So we decided to create clear and transparent processes. To do that, we relied on Trello, where we decided to log every business-related information. To enforce that, we banned internal meetings and emails, always to avoid information dispersion.

The next step for us was to deal with complexity, as we grew bigger – thus we reinforced the notions of scopes and ownership: 1 task =1 owner, clearly identified inside the organisation. Next step was to ensure that every newcomers understand quickly the way we work and adapt himself to it, while the best working practices we have put in place keep being used, and optimized on a daily basis. To do that, we formalized a cultural framework, based on written, micro working practices.

3) NB: What are the concrete tools you suggest to adopt to develop decentralization, empowerment, culture for long term growth? What collaborative tools you teams are using, and for what purpose?

Morgane: Three kinds of tools are necessary to develop this kind of culture :

  • a project management tool, to develop transparency inside the organisation and allow everyone to take his own decision within his scope
  • a document sharing tool, like Google Drive or Dropbox
  • a knowledge sharing platform, to centralize the best practices and train new comers

At 360Learning, the pillars of our framework are Trello and our own product, which we use to centralize the best practices, train ourselves and optimize our working methodologies.

Every member of our organization use these tools on a daily basis. We also use several others tools, more specialized, like SalesForce, GitHub, Marketo or Zendesk.

In the end, the idea I would like to insist on is that these tools are not what condition our culture; it is the way we use them. The use of each of these tools is conditioned by a practices code. For example, we use Trello in a very codified way. From structuring a board to dealing with requests, or even writing a feedback on a project, we have documented a lot of micro working practices. These practices are constantly optimized, as we grow and learn new ways of working more efficiently. Newcomers are trained to theses practices, and we assess them continuously to make sure that they are always shared by the integrality of the organisation.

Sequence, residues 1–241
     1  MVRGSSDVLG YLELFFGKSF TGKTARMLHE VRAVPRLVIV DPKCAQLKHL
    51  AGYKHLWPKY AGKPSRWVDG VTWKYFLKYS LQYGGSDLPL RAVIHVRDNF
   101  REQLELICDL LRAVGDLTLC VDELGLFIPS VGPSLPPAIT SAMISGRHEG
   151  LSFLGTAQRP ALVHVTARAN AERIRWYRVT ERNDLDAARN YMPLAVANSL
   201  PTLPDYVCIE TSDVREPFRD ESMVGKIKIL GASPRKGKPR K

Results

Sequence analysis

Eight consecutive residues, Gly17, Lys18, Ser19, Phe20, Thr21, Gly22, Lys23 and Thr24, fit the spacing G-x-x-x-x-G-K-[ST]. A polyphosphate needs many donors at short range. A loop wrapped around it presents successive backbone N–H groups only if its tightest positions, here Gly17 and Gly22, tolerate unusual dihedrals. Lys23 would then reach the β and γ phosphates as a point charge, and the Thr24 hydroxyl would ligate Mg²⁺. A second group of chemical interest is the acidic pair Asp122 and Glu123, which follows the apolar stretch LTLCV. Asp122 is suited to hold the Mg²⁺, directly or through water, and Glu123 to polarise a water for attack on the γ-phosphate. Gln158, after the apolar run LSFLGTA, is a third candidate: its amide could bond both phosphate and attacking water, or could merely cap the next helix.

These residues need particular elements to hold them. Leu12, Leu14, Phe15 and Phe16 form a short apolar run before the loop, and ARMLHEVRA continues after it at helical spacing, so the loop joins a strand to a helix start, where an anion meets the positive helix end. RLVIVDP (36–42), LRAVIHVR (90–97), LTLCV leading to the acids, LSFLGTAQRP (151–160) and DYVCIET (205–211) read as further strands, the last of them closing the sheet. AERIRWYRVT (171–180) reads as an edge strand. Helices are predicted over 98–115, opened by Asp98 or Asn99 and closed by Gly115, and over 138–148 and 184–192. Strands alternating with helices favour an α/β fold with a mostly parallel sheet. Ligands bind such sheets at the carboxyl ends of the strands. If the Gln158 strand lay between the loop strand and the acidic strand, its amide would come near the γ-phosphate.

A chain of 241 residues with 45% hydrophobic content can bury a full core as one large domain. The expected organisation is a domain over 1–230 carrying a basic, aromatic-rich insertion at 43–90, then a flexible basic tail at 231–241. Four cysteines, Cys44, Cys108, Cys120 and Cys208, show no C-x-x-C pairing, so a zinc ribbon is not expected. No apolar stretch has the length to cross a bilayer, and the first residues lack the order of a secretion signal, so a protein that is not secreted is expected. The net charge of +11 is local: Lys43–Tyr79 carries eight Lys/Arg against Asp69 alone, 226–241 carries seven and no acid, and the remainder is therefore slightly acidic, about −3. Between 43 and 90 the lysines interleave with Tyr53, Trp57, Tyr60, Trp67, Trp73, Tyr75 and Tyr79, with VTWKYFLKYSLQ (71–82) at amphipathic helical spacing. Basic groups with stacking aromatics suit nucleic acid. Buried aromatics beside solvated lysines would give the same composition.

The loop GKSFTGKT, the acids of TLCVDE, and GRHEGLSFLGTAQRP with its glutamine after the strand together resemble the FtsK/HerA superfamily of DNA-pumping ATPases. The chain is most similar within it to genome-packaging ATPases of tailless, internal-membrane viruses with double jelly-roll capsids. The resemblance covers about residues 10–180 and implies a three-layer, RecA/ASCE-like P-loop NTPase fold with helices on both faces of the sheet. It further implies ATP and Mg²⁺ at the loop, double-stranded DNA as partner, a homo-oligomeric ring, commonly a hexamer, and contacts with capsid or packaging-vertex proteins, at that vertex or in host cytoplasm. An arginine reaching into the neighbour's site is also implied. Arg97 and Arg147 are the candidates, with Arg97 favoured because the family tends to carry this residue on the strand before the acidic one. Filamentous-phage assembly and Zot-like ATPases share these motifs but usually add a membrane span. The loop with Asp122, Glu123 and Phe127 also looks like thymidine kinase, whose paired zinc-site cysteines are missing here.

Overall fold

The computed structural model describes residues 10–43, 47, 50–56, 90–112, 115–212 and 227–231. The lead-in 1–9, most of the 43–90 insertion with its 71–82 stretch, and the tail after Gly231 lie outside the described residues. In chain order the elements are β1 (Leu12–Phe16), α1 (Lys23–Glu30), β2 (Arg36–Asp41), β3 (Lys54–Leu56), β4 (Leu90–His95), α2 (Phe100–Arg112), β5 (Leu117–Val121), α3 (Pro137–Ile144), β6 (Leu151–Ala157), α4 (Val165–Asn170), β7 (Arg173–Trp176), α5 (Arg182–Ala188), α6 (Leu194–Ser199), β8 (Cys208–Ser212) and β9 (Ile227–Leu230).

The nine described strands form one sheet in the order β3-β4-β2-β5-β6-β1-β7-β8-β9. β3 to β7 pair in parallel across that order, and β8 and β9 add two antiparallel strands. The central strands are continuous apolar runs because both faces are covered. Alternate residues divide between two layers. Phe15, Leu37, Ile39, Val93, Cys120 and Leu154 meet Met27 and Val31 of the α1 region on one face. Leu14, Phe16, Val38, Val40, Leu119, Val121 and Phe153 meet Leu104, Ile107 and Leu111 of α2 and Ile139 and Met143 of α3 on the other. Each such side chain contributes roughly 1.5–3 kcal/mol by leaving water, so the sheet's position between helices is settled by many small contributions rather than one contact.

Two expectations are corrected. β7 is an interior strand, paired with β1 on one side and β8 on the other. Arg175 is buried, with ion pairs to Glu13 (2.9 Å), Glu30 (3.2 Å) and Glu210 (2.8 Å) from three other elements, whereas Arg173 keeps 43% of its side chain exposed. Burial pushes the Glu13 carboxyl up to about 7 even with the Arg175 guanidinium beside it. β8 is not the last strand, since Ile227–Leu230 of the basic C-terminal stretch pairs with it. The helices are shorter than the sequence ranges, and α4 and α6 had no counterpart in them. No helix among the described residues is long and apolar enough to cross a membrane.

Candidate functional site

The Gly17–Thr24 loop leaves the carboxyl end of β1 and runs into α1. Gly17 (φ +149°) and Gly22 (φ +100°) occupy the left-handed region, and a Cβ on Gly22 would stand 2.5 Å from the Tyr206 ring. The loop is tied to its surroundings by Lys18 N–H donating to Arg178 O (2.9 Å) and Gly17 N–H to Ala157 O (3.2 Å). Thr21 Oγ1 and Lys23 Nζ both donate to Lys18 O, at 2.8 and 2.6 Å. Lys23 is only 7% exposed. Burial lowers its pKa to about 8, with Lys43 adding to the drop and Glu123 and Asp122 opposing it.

4) NB: How do you make scaling consistent with roles and skills progression?

Morgane: As each person’s scope is based on the interface he or she operates, the scope keeps evolving as we keep growing. That’s the main interest of interfaces-based scopes: you can combine them very easily, as new needs appears.

More, beyond documenting working practices, we also document every aspects of our jobs. This allows to have a knowledge base on every skills & knowledge needed to perform well on a specific job, and to create training paths adapted to this job. This means that if, let’s say, a sales team member wants to develop his skills on product management, he will have to validate a certain number of steps to be able, first of all, to interact with the product team – and then, be able to learn how to deal with it.

5) NB: You’re speaking of ‘designing a new type of organization whose DNA creates growth and fulfillment’: is this your internal mantra? How does it match with your business value proposition?

Morgane: Yes it is, and I think this is probably what thrills people the most in this company. The fact that we are experimenting a new way of working is very exciting for the kind of people who work here. More, everyone is associated to this experiment, because one of the main components of our framework is to to create continuous optimization loops, in each part of the organization.